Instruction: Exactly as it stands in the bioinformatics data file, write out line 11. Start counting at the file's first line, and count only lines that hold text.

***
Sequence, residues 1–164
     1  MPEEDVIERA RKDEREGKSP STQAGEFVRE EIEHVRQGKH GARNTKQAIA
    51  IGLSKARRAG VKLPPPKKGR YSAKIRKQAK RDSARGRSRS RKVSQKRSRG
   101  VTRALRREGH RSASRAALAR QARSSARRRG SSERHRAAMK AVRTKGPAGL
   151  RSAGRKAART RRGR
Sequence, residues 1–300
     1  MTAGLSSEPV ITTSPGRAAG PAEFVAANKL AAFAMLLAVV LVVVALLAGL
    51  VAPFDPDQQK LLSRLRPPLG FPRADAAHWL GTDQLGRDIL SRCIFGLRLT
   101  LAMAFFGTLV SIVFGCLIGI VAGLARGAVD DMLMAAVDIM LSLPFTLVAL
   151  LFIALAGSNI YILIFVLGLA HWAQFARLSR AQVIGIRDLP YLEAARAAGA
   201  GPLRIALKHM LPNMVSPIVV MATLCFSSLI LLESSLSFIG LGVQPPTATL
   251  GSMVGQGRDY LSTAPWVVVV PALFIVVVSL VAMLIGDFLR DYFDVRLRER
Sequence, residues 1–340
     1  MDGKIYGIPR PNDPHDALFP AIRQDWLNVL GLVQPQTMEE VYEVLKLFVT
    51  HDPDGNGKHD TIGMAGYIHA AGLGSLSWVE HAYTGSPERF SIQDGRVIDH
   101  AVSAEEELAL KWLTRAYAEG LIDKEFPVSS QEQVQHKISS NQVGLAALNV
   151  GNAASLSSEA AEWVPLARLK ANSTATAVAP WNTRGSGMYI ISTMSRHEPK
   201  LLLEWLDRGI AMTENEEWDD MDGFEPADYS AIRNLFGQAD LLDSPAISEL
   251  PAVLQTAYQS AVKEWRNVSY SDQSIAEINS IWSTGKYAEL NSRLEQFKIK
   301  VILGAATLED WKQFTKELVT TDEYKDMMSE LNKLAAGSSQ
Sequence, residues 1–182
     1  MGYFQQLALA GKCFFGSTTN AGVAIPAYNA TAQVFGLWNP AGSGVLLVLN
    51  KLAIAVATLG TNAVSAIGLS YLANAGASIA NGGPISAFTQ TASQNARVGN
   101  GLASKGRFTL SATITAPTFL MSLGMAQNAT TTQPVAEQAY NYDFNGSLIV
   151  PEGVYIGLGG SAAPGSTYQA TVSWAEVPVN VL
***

   201  GPLRIALKHM LPNMVSPIVV MATLCFSSLI LLESSLSFIG LGVQPPTATL